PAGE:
God, Country and Ghana's statehood!

Fri, 12 Sep 2008 Source: Jeffrey, Peter

In Ghana, the question of God and Country working together is not an illusion. In all national ceremonies, whether at the Independence Square, the Castle, or in the church, or mosque, we show our love and respect for God and country.

During the 2006 World cup, whenever Ghana Black Stars are victorious in a game, everywhere you go, you see the flag of Ghana flying high on roof tops and cars and hear gospel music, yes gospel music, playing loud to thank God! At the first game Ghana played at 2008 African cup of nations, the rousing chorus of “God bless our Homeland Ghana” stirred up emotions in everyone, both at home and in Diaspora. The tears many saw flowing down the cheek of Sulley Mutari and some of his team mates when the national anthem was being played whip up patriotism in Ghanaians to sing it into emotional frenzy.

Unlike many other countries in sub-Saharan Africa and across the world, Ghana won her freedom on a silver platter with very limited bloodshed!

Our homeland, Ghana, is important to this writer as it should to all Ghanaians. In how many places would one be able to state their opinion freely? In places like Zimbabwe, under the tyranny Robert Mugabi, to state your opinion would certainly lead to your death.

The most important thing that has shaped the life of this writer and many of his compatriots is the Ghana national anthem and the unofficial national anthem. Have anyone ever paid attention to the national anthem and what it really means? From the first verse to the last, it symbolises one nation under God (God and Country) and united as one country, one people. The “other” national anthem, “Yen Ara Yasase Ni” (the land of our birth) also raises passion in Ghanaians. It is a call to national self defence as one nation, one people and under the guidance of God.

“God bless our Homeland Ghana, And make our nation great and strong”. God and country can never be divided. Through the national anthem, God and country have influenced our lives in many ways. Many have argue that our country is like a melting pot, made of different tribes and cultures all living peacefully together in one country.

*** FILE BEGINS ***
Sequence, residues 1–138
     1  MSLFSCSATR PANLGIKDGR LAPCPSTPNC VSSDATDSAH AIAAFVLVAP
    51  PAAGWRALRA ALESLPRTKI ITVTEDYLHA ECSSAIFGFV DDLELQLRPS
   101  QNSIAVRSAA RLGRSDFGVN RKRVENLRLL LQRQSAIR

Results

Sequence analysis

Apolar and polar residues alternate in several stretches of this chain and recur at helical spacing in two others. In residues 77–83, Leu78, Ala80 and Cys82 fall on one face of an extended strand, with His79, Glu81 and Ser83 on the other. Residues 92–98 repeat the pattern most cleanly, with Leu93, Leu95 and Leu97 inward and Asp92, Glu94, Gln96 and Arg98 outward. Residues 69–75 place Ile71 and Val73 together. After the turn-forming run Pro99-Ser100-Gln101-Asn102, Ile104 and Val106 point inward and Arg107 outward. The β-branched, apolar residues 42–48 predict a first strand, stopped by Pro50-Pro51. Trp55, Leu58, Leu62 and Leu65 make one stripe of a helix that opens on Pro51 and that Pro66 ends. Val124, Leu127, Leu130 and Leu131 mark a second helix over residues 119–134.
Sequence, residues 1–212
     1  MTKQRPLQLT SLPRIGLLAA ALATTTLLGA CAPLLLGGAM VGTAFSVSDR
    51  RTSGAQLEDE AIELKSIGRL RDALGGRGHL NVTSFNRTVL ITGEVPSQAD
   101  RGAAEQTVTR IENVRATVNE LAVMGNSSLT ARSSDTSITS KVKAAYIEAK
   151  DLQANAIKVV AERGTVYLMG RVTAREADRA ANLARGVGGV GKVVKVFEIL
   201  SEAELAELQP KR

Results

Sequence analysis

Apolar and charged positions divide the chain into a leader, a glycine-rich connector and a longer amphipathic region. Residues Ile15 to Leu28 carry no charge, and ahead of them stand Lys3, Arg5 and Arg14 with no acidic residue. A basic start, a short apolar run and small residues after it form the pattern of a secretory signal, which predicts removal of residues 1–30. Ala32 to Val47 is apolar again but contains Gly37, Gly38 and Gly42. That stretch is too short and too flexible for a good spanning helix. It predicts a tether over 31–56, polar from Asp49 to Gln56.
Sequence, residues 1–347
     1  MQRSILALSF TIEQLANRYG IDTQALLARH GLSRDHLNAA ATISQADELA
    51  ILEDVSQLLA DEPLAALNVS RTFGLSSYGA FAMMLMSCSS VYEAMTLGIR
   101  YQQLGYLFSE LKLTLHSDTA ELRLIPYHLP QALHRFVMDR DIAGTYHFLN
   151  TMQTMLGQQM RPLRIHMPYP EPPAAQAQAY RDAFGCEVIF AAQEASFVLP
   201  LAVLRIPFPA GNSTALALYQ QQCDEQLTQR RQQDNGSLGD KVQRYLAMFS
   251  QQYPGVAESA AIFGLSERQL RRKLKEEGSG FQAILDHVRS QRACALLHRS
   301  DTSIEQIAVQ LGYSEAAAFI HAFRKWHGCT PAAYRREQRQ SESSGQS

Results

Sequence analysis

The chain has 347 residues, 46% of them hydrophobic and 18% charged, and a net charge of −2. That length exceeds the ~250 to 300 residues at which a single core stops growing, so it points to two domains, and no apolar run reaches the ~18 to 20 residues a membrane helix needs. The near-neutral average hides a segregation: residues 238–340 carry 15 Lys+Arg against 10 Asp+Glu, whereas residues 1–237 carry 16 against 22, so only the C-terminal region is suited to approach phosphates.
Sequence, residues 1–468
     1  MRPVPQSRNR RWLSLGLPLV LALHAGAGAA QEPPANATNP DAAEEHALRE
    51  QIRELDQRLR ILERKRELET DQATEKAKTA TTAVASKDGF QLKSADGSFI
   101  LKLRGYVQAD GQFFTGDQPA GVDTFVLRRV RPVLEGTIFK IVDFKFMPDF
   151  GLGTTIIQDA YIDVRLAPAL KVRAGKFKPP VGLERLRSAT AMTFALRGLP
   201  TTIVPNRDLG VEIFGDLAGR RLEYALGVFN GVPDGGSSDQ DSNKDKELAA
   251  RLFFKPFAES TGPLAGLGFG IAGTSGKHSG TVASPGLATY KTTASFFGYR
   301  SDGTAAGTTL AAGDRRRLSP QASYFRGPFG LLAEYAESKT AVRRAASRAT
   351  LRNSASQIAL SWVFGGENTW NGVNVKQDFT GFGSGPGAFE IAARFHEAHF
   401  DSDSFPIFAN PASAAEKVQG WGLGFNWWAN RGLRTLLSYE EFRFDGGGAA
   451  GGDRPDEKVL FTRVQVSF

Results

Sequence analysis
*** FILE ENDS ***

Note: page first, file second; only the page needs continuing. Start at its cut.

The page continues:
Loving your country is not just singing the national anthem at football (soccer) match, loving your country is trying to make it better – building good physical infrastructure, good health care, decent education, good housing, equitable distribution of resources and eradication of poverty. Our national anthem (God and country) is a manifesto of our country.

Shedding a tear when we hear the national anthem or “Yen Ara Asase Ni” is sung or when sing it ourselves won’t bring us development if we do not do anything about the plight of the 80% poor, those who are powerless and voiceless and do not have much say apart from soliciting their votes by corrupt politicians. On January 6th 2008, Kenyans went to church and mosques to pray for their country after bloody violence after December 27 elections. The fraudulent re-election of Mwai Kibaki and the ensuring ethnic violence and clashes which almost unravelled stability in the east African region must never be allowed to occur in Ghana. Like Kenya before the violence, Ghana is regarded as one of Africa’s most stable and economically flourishing democracy, perhaps the most enlightened and the only peace loving country in a very troubled region.

In Ghana, the general spirit of the people is liberal and considerate. Like many of Ghanaians, this writer holds to the ideal of freedom and justice for every citizen, good health care, good education, free speech (without the fear of macho men or targeted assassination at night by thugs) and free action to demonstrate (as was the case under Kumi Preko), of material well-being for all and not just the “few” as enshrined in the 1992 constitution.

Whether we like it or not, Ghana is a predominantly a religious country (Christian and Moslem) and so shall it remain! No one can say otherwise. The last verse (below) sums up this writer’s argument!

“Arise, arise, o sons of Ghanaland; And under God march on for evermore”. No one can separate God and Country!

Peter Jeffrey (peter.jeffrey@yahoo.com) London.

Columnist: Jeffrey, Peter